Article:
The thin inventories for shoes is worrisome. I'm a EEE in women's shoes and can't wear any heels, which eliminates about 99% of all the shoes. Under normal circumstances, I have trouble finding shoes (before you ask, buying online is unrealistic for me. Even if I get the right size, there's a fairly high liklihood the shoe still won't fit, and it's less time consuming to deal with it in a store than it is to get a pair, ship it back, get another pair, ship it back, get another pair, ship it back).____For me, just having enough shoes in my size is enough. I don't care about reviews of it because a review is pointless if the shoe doesn't fit.____And yes, the commenting feature does have problems. When I click OpenID, I get Error on page, and it doesn't work. So does clicking the Guest option. Then, after I registered to login, it logged me in but didn't post my comment.

    • http://intensedebate.com/people/michaelhyatt Michael Hyatt

      For some reason, IntenseDebate thought your comment was spam. I had to approve it manually for it to show up. I am not sure what set it off, but I apologize. Obviously, your comment is legitimate!

  • http://intensedebate.com/people/LindaAdams LindaAdams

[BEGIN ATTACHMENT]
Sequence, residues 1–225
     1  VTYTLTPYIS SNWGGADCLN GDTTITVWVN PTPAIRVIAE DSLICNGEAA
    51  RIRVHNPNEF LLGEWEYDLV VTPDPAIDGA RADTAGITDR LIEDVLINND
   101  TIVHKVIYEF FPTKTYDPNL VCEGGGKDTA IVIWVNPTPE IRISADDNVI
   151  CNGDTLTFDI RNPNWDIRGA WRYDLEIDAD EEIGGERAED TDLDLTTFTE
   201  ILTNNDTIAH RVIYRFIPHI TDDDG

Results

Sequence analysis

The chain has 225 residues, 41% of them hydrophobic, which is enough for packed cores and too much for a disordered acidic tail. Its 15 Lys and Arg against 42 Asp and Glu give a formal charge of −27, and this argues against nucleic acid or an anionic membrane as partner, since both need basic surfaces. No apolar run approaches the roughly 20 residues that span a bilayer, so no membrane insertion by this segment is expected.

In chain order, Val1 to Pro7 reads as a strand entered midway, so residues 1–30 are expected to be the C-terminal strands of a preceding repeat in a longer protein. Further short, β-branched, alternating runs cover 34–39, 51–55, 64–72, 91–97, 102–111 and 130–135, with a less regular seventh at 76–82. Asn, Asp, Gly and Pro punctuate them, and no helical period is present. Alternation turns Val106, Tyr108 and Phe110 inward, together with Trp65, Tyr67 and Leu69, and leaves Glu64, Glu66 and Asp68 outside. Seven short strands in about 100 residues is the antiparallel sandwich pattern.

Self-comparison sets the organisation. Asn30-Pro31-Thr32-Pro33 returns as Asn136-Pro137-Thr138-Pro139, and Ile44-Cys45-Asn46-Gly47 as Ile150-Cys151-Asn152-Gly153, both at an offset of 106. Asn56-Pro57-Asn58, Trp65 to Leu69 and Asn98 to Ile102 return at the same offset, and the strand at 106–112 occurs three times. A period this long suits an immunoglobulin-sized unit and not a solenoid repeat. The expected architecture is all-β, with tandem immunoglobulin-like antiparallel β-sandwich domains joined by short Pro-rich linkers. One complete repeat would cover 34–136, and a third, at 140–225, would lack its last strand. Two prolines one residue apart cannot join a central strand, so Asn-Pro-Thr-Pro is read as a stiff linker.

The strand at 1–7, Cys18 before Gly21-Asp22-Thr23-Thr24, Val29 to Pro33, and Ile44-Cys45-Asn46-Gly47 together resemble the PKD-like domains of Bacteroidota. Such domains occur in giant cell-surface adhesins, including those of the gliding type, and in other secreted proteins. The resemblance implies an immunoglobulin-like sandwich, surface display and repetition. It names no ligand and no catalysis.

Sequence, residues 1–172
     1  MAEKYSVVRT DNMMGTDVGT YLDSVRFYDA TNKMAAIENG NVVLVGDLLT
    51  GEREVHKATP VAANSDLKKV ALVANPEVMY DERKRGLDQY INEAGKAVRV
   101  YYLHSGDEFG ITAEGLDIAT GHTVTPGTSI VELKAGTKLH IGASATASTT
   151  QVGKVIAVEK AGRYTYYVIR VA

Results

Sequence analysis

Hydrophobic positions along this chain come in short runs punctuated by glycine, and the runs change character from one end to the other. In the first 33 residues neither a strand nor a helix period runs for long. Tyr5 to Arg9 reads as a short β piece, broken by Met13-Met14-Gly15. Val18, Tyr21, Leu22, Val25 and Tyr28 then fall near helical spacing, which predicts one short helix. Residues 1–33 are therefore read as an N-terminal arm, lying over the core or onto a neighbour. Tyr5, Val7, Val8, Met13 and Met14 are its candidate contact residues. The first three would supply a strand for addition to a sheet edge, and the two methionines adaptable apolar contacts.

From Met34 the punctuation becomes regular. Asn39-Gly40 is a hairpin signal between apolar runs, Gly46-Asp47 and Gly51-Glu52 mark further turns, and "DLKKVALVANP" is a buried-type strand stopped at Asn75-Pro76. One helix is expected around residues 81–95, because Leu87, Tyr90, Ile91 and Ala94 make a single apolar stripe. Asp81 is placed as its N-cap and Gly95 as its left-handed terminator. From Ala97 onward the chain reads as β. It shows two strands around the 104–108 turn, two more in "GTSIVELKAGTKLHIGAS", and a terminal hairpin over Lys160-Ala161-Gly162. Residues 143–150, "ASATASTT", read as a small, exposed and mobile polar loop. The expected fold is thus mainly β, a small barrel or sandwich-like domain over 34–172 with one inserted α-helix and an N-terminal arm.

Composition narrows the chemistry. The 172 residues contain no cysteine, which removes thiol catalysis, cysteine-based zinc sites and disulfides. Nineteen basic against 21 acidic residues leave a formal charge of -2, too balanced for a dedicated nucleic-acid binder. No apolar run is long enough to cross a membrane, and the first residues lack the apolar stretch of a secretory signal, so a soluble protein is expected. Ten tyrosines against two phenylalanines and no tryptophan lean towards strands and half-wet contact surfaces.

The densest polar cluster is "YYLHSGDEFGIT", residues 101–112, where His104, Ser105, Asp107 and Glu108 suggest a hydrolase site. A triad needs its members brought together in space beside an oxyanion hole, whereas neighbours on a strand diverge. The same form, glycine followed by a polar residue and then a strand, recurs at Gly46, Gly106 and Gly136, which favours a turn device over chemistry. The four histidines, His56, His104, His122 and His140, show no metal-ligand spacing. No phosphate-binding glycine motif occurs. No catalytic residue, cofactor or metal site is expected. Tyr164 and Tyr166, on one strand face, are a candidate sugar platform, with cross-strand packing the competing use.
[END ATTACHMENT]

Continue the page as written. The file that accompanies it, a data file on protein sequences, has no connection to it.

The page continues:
The thin inventories for shoes is worrisome. I'm a EEE in women's shoes and can't wear any heels, which eliminates about 99% of all the shoes. Under normal circumstances, I have trouble finding shoes (before you ask, buying online is unrealistic for me. Even if I get the right size, there's a fairly high liklihood the shoe still won't fit, and it's less time consuming to deal with it in a store than it is to get a pair, ship it back, get another pair, ship it back, get another pair, ship it back).____For me, just having enough shoes in my size is enough. I don't care about reviews of it because a review is pointless if the shoe doesn't fit.____And yes, the commenting feature does have problems. When I click OpenID, I get Error on page, and it doesn't work. So does clicking the Guest option. Then, after I registered to login, it logged me in but didn't post my comment.